The most important feature of operations research is the use of the scientific method and the building of decision models. The operations research approach to problem-solving is based on three phases, namely
(i) Judgement Phase;
(ii) Research Phase, and
(iii) Action Phase.
This phase includes:
- identification of the real-life problem,
- selection of an appropriate objective and the values of various variables related to this objective,
- application of the appropriate scale of measurement, i.e. deciding the measures of effectiveness (desirability), and
- formulation of an appropriate model of the problem and the abstraction of the essential information, so that a solution to the decision maker’s goals can be obtained.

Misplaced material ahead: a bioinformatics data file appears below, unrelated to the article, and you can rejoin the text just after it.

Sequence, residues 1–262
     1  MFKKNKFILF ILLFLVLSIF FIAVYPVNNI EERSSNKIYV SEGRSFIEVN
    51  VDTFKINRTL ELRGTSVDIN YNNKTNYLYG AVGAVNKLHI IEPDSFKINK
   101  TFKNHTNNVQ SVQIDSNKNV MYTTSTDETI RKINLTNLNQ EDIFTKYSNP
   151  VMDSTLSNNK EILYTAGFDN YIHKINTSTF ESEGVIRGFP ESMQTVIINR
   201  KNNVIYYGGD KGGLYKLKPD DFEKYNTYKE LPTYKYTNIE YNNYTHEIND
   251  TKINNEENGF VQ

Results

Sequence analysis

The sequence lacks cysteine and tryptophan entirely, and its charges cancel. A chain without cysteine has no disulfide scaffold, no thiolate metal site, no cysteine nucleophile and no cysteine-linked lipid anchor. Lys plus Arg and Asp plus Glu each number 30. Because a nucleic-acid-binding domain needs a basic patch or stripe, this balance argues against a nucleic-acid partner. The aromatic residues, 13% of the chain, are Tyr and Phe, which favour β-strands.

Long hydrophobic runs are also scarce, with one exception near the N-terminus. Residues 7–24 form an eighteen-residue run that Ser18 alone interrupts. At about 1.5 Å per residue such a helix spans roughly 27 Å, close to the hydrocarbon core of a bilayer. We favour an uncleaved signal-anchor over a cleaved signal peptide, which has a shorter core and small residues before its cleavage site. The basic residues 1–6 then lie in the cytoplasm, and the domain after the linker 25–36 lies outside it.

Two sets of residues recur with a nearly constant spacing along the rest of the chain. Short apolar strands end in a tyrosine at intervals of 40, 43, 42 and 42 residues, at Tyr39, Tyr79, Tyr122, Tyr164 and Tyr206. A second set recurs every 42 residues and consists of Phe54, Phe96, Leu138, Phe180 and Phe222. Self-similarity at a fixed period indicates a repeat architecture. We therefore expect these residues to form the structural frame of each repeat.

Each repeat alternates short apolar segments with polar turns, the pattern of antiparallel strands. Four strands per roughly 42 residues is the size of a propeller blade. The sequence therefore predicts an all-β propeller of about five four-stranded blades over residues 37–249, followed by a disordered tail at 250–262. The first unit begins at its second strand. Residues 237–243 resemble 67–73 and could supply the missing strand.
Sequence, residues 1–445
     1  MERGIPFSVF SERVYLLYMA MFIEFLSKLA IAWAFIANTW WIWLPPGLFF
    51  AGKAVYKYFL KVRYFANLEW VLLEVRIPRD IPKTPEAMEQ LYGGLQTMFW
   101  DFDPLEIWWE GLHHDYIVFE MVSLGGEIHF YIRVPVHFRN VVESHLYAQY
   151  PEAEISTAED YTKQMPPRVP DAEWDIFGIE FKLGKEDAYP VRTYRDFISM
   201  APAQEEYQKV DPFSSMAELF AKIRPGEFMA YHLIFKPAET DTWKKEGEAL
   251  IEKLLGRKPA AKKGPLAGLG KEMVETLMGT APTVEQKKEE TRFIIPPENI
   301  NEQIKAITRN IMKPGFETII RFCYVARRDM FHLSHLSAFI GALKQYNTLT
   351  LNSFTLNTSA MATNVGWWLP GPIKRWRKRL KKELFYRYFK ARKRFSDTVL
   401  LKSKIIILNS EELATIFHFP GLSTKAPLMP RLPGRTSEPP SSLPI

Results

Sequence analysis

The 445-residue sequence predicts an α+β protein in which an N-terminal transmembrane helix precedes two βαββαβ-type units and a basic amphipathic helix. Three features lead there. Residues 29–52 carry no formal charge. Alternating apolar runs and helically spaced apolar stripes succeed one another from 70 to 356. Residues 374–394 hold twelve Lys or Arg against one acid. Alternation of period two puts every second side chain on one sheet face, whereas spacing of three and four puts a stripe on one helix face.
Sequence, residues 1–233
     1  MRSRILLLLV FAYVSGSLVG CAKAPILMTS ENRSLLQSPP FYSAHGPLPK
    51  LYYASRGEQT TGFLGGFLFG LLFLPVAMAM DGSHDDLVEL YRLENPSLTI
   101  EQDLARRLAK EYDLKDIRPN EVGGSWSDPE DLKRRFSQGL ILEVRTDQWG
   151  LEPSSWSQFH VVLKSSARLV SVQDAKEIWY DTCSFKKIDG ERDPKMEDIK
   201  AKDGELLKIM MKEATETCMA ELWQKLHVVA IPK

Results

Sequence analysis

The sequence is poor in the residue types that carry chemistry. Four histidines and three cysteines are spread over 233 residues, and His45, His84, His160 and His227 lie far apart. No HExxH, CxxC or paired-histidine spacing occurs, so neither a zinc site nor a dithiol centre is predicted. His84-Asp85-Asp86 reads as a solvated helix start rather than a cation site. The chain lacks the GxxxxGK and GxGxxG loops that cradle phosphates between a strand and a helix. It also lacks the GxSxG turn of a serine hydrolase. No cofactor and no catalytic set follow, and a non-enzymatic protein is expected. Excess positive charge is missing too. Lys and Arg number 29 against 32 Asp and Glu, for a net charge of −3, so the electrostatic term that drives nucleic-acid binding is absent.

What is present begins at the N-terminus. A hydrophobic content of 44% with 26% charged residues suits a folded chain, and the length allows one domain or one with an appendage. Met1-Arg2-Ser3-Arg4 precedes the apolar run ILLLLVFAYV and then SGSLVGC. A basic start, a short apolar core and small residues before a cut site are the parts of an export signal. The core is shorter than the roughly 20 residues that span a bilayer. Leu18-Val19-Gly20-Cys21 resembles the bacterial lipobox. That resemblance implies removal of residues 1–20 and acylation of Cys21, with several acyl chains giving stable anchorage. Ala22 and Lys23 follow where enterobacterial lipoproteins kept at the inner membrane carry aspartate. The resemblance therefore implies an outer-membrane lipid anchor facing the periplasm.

This phase is the largest and longest of all the phases. However, even though the remaining two are not as long, they are also equally important as they provide the basis for a scientific method. This phase utilizes:
- observations and data collection for a better understanding of the problem,
- formulation of hypothesis and model,
- observation and experimentation to test the hypothesis on the basis of additional data,
- analysis of the available information and verification of the hypothesis using pre-established measures of desirability,
- prediction of various results from the hypothesis, and
- generalization of the result and consideration of alternative methods.
This phase consists of making recommendations for implementing the decision. This decision is implemented by an individual who is in a position to implement results. This individual must be aware of the environment in which the problem occurred, be aware of the objective, assumptions behind the problem, and the required omissions of the model.
Operations Research Theory and Applications – JK Sharma